Have you ever washed your house? It's crazy the difference it can make, especially on a white house. What it does is remove a "dumpiness" that you didn't even know was there. You look at your house every day, so you get used to how it looks and you never notice the slow degradation over time (sort of like your waistline). But, yeah, it builds up and when you clean it off, it's a total facelift. You can wash a house with a bucket, a scrub brush, and an extension ladder (fun level: 5%), or you can use a pressure washer (fun level: 95%). The last time I did it, I used the Karcher K3 Follow Me Pressure Washer, which they nicely provided for me to test.
Is anyone else sitting around thinking that the era of the corded power tool is coming to a close? It certainly looks that way, doesn't it? These days finding an outlet and unraveling an extension cord just feels so....2013. The latest pieces of evidence in this ongoing evolution are the two new Hyperdrive brushless nailers from Ridgid; the 18-gauge brad and the 16-gauge finish. I've been testing them out for the past couple weeks and here's what I think...
Ryobi's new Dockit storage system is a clever idea and probably one that is headed to a garage workshop near you. It's a simple, common sense solution to the age old question, "where the hell did I put my drill bits?" The customizable system centers around a wall mounted carriage and relatively small, specifically organized bit and driver boxes that sit in said carriage. They sent on a sample for me to check out and the plain truth is that I really like it.
The innovative company Arbortech has once again found a new way to harness the awesome power of the angle grinder. The TURBOShaft is a strange little carving/shaping accessory that offers a high degree of subtlety, which is notable mostly because grinders are generally low on subtly. The TURBOShaft is a small shaft, about the size of a finger, that screws on to the spindle. At the working end of it are two carbide teeth proud of the shaft. When the grinder is activated, the two teeth, now spinning, become a precision carving tool. They sent us one to check out.
A while back Seek sent us one of their little iPhone thermal imaging units to check out. It's a small camera that's barely bigger than a piece of Hubba Bubba that clicks into the charging port of an iphone (versions are also available for Androids). Through the phone and an app, the unit displays the heat image of whatever it is you point it at, whether that be a window, a wall, or your cat. It costs about $250 and comes with a nice little case.
If you mention "prepping" to most people, my hunch is that they'll immediately conjure up an image of a family in a concrete bunker surrounded by shelves and shelves of canned goods (and, for a laugh, no can opener). Or maybe they'll think of Ted Nugent eating a deer head. Either way, people seem to see prepping as something that strange, reclusive "what's he building in there" kind of people do. Honestly, I think this is unfortunate. Maybe it's because I grew up at the end of a long dirt road in Vermont, and it wasn't uncommon for us to be snowed in with no power for three or four days at a stretch, but I think that having non-perishible food on hand, a load of batteries, flashlights, and first aid supplies (just to name a few things), and a plan (even if it's a pretty vague one) makes for a whole lot of common sense.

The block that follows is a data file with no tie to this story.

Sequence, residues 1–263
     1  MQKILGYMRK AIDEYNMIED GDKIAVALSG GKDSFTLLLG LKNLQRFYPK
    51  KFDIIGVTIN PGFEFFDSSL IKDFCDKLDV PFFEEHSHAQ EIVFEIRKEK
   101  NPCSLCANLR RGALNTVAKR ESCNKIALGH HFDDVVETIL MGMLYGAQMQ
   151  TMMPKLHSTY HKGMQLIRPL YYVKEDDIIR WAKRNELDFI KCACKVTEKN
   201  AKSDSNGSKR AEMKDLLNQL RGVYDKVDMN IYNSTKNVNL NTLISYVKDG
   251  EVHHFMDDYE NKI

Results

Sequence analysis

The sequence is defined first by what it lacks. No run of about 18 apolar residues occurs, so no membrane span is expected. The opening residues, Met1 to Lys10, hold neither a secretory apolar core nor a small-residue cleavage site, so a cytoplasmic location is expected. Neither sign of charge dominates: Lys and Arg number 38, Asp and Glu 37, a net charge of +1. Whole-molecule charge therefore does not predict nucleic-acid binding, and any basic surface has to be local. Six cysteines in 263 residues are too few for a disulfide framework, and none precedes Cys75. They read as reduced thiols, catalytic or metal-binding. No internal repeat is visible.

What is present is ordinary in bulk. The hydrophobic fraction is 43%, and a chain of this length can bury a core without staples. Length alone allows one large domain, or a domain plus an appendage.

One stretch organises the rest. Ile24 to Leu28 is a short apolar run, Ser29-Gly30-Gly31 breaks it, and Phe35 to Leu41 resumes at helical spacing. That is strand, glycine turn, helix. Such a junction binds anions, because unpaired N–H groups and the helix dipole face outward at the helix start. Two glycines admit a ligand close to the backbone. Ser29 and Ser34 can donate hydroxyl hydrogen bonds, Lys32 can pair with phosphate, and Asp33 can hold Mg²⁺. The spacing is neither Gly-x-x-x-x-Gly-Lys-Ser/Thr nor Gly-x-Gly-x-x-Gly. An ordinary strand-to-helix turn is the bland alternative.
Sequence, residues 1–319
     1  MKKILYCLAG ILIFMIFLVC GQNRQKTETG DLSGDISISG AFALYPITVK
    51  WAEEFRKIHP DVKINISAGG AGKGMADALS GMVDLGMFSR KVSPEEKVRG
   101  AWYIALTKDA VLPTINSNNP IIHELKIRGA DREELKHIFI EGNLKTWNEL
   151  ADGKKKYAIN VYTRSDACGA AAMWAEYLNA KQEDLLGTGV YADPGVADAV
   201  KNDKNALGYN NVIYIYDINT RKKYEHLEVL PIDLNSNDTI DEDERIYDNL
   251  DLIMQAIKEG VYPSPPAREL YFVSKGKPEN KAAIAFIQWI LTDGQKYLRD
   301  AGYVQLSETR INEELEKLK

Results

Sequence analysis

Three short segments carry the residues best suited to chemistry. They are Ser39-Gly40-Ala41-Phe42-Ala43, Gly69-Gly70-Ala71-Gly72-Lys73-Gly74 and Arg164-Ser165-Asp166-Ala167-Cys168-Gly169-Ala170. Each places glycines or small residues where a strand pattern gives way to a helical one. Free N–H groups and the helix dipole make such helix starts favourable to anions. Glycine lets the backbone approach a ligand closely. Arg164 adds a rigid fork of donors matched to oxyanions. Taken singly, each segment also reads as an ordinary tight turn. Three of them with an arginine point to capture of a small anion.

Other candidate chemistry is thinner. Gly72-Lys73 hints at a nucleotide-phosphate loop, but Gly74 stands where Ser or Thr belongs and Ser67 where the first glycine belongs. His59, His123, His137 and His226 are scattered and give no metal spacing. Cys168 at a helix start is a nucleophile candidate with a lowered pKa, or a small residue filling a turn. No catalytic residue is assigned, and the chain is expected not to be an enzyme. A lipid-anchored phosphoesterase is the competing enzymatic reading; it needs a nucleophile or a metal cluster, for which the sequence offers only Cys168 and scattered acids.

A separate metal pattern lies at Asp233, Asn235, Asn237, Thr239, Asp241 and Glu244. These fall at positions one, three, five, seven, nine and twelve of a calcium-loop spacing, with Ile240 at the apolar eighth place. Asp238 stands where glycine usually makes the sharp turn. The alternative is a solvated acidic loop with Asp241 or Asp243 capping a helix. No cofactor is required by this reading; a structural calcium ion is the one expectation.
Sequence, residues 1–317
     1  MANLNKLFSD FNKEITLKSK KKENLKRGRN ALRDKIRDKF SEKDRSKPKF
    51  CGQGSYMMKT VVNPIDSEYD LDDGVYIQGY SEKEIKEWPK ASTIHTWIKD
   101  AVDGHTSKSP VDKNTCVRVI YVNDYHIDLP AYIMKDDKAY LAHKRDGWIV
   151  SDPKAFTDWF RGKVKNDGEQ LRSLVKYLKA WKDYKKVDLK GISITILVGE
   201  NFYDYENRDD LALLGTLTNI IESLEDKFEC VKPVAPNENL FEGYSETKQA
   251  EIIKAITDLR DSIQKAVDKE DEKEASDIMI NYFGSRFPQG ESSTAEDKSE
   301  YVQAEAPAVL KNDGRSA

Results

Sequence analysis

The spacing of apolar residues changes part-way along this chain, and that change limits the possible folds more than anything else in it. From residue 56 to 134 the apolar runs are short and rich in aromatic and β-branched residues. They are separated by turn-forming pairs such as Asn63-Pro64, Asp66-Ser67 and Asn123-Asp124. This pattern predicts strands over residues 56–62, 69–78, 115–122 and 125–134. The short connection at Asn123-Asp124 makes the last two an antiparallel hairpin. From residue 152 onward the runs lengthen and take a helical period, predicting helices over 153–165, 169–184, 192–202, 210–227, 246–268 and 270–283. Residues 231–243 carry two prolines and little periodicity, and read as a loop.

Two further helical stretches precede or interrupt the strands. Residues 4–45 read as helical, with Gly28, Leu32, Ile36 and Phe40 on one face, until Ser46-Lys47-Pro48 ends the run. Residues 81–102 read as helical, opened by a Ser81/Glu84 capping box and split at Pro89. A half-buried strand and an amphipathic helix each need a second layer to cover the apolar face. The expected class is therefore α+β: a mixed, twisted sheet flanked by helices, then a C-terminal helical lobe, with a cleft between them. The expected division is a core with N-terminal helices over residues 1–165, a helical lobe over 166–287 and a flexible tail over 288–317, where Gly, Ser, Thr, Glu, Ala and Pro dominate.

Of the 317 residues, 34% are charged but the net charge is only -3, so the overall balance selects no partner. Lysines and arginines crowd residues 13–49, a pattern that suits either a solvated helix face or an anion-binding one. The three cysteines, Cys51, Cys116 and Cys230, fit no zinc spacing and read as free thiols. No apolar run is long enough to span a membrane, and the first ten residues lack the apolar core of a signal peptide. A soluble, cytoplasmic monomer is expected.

Sooo...here we are again, time for the annual Pro Tool Innovation Awards put together by our pals over at ProToolReviews. The awards cover all kinds of tools from test and measurement to pneumatics to cordless.
So go, go, and go check it out and sound off in their comments if you think they're way off base or right on target.
The Ryobi 18 volt cordless platform is really pretty wild. Once you have a couple batteries and a charger, you can go bonkers on the bare tool purchases, like their new Drain Auger, set to be released later this month. While it may seem strange at first glance, after some further thought, this piece of gear makes a whole lot of sense. The specifics of the item are that it has a 25-foot cable, a power feed mechanism and can be effectively used on drains of up to 2-inches. It costs about $70 (bare tool).
That cost may sound steep but most plumbers I know (around the Boston area) have an hourly that is at least that and in most cases a decent amount more. If you have to deal with a drain clog, this tool will pay for itself fairly quickly.
I've got an old manual snake and it's a mess to deal with. It's the kind with the off-set Z handle, so wrapping it up and storing it is a chore. It sits in a milk crate somewhere in the back of the shop. I try not to think about it, even on the rare days that I come across it. But something like this Ryobi is a lot more user friendly. The electric ones in the style of the Ryobi (self feeding) are cheaper (which is nice), but they don't offer the quick plug and play of the cordless, like if you're trying to deal with an exterior line.
If you ever have a yearning to feel like Paul Bunyon, you should invest in a Peavey. It's a tool for maneuvering massive logs and because of the old-fashioned mechanical advantage it's about the most satisfying tool to use. They're technically called timberjacks, but Peavy is the "Kleenex" version (the company that everyone knows the tool by). But the nomenclature doesn't matter. Even if you call them "wood-handled, metal hooky thingies" you should still get one. If you're unfamiliar with the tool, you won't believe what you can do with them.
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